Anandra And The Transformational Power Of Sound
By Deidre Norman
SF Yoga learned about Anandra though the International Yoga Festival, where she will be leading classes this March 1-7, 2019. Anandra is a pioneer in the global yoga community, re-introducing the ancient practice of sound as a fundamental practice. She created the world’s first registered yoga teacher training based entirely on the transformational power of sound called Heart of Sound (including Sanskrit, mantra, Indian classical vocal meditation, and non-violent communication for everyday life). American by birth, Indian by soul, and global citizen by expression, she helps people transform their limiting belief systems and cultivate their most fulfilling contribution to the world.
We had the opportunity to ask Anandra a few questions, before seeing her live at IYF!
We love that you have been teaching and on ‘the path’ of serving for 20 years! What continues to inspire you, and keeps you on this path?
Truly, it is the stories of deep and systemic transformation that I hear from my students that keeps me motivated! If I can make a powerful and positive difference in just one person’s life, that is enough satisfaction for me to last a lifetime. I feel enormously, outrageously blessed that I have had the chance to help thousands of individuals, and now through the Heart of Sound teacher training, my students are carrying the power of love through sound forward at an exponential level. It’s awesomely humbling.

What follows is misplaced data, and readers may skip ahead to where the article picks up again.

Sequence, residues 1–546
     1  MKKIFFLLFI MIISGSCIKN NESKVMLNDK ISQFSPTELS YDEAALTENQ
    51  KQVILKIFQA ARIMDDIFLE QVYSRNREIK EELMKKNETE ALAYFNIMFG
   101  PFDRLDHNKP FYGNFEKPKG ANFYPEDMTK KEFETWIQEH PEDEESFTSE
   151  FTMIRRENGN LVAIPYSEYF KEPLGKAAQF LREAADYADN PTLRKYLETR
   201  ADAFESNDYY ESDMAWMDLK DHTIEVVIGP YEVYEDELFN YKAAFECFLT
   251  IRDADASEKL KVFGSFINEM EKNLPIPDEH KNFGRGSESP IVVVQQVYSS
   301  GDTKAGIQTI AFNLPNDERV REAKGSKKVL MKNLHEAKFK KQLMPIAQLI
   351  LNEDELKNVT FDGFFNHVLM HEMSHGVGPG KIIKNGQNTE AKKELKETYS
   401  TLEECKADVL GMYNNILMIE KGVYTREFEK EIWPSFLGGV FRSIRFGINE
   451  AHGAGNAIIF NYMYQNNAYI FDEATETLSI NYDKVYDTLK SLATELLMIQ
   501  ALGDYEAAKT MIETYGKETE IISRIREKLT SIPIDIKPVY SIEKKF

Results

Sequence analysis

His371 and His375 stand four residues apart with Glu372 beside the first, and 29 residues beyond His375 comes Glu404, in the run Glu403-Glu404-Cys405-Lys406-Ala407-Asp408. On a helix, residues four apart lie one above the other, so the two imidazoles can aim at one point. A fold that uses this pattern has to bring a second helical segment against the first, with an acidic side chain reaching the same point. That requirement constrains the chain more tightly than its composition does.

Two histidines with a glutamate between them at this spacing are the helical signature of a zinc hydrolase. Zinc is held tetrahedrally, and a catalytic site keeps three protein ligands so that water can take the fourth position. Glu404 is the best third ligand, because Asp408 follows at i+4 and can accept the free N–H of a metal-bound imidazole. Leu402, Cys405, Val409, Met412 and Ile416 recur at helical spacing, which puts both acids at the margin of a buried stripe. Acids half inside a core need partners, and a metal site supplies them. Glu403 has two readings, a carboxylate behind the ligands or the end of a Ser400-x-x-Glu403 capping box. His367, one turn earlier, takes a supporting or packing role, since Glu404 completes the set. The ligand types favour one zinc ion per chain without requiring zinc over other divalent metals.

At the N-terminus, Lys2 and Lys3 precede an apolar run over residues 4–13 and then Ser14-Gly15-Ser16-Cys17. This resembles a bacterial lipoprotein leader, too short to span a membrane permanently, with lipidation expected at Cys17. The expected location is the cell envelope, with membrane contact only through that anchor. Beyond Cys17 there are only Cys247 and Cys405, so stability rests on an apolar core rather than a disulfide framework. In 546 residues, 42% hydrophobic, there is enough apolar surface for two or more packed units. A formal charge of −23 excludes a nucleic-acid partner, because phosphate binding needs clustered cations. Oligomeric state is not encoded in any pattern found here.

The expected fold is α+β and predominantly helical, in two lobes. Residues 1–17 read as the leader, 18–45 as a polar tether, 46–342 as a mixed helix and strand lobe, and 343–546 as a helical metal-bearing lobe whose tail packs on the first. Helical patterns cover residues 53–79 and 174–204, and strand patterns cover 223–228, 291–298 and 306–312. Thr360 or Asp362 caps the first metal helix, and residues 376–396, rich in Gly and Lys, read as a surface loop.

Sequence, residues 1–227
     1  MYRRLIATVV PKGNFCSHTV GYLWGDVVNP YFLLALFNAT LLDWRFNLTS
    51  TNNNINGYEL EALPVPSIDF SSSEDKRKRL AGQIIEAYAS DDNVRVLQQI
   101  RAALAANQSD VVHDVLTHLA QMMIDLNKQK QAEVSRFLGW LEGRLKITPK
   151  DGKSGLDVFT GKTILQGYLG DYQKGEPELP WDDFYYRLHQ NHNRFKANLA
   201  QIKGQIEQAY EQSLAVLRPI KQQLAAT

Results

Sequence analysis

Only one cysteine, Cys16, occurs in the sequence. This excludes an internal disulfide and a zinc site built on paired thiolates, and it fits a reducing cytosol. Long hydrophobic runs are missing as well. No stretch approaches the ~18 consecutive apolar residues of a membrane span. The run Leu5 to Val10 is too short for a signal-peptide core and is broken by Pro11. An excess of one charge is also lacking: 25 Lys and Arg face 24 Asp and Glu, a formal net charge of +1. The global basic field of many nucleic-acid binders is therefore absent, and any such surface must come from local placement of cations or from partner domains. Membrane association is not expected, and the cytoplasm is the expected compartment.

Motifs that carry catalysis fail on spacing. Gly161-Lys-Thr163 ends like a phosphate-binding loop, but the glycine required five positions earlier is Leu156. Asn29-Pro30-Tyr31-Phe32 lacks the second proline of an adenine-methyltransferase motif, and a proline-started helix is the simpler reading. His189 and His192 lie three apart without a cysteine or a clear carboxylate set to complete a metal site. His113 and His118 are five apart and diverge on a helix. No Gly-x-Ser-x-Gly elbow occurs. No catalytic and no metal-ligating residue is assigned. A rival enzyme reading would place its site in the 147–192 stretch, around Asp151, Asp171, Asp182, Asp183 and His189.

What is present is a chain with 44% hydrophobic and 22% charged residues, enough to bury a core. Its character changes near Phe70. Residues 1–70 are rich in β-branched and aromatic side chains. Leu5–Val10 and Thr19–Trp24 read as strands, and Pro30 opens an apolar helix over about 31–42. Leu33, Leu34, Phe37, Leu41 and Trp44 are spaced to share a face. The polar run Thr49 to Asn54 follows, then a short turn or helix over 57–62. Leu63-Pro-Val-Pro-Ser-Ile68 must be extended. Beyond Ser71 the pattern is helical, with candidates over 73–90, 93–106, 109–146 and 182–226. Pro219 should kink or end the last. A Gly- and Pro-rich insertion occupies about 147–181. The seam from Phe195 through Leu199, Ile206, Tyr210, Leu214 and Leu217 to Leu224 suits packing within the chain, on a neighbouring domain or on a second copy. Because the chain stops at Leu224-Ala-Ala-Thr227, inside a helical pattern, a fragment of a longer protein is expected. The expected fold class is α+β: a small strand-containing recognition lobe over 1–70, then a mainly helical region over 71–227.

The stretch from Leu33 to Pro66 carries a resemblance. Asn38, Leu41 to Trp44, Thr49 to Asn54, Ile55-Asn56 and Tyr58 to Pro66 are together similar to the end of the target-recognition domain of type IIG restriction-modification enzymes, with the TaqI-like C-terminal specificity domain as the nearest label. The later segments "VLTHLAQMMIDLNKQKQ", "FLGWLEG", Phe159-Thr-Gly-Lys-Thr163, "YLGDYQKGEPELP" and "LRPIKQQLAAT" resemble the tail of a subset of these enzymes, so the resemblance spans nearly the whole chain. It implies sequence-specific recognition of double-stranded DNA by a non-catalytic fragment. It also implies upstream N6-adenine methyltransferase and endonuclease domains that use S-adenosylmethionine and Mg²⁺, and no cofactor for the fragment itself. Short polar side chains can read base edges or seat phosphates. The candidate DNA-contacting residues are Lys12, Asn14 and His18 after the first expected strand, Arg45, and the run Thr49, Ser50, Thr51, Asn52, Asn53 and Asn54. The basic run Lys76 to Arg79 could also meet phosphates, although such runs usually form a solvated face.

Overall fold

What is your definition of the yoga of sound?
That’s simple: Union through vibration.
Sound, being the most subtle of the elements, has an impact on all levels of our being. In Ayurveda, it is considered that we have five sheaths or veils over our infinite awareness. Sound directly impacts all five, so working consciously with sound and vibration is a very effective method of holistic transformation.
What led you to the yoga of sound?
To truly get the answer to that, you’d have to dig much deeper than merely the events of this lifetime! Since I was a child, sound was my lifeline to interconnection, and my touch point with the divine. I have been a musician since I was 10, and had a series of mystical experiences lead me to India when I was in my late teens. As soon as I heard the mantras, I knew I was home in a way I had never felt before. The first time I heard an Indian classical music concert, I cried through the entire hour with a mix of recognition and longing to live again in the heavenly musical world. Is it destiny? It seems so.
My heart has guided me one step at a time along my path of learning, as well as sharing through teaching. I am certain that it is wholly the blessing of my elders, my teachers, and the divine herself that I am blessed to do what I do. The only part I can take a bit of credit for is for the wisdom to listen in to my heart’s voice daily, and the courage to obey the guidance.
What are a few benefits of adding mantra into a daily practice?